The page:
• Shower gel is generally better for those with acne-prone or oily skin or in warm, humid climates.   Shower gel is thicker than body wash and has a more firm consistency; many formulas are also “cooling,” with cucumber or sea extracts.
  • Treatment body washes or shower gels, like Neutrogena Clean and Clear Body Wash ($5.97, Amazon.com) defy the rules listed above.  These contain active ingredients like salicyclic acid, a beta hydroxy acid (BHA) that alleviates acne, despite the fact that it is technically a “body wash.”  BHAs work in part by softening keratin, a protein that forms part of the skin structure. This helps to loosen dry scaly skin, increasing cell turnover.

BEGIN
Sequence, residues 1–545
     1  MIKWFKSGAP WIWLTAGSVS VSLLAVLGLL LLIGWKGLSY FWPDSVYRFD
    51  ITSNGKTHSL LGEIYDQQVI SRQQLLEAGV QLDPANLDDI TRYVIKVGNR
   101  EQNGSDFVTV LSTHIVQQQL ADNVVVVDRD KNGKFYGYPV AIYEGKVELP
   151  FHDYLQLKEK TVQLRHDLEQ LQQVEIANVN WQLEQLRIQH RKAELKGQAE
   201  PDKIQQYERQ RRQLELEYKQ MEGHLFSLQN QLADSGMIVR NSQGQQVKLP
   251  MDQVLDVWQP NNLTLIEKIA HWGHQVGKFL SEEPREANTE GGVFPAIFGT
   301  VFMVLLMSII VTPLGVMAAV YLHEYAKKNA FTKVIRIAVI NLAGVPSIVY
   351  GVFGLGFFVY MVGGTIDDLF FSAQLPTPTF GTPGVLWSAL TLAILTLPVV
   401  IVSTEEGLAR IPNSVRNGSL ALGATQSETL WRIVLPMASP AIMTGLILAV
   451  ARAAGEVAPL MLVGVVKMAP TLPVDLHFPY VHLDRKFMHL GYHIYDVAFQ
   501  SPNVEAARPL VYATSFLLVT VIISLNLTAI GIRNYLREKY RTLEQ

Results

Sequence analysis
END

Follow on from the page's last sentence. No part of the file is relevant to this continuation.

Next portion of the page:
Are antioxidants important in bath or shower gel?

Dragonfruit
Dragonfruit, anyone?

Yes and no.  In order to get the benefits of a body wash or shower gel, you need to rub these into the skin for a full minute.  According to renowned dermatologist Dr. David Bank, M.D., using cleansers for less time doesn’t allow the beneficial ingredients bind to the skin at their full capacity.  Ideally, a body wash or shower gel should include antioxidants and beneficial ingredients like the following:

  • Coffee
  • Green or white tea
  • Mangosteen
  • Pomegranate
  • Goji and/or acai super fruit

Certain luxury bath products may also contain skin conditioning nutrients like the following, which are beneficial when applied to the skin for long enough:

Choosing a Scent

Regardless of whether you prefer a shower gel or body wash, part of the attraction is finding a scent that invigorates you in the morning or relaxes you after a long day.  For instance, Vitabath makes the following scents many prefer in the morning: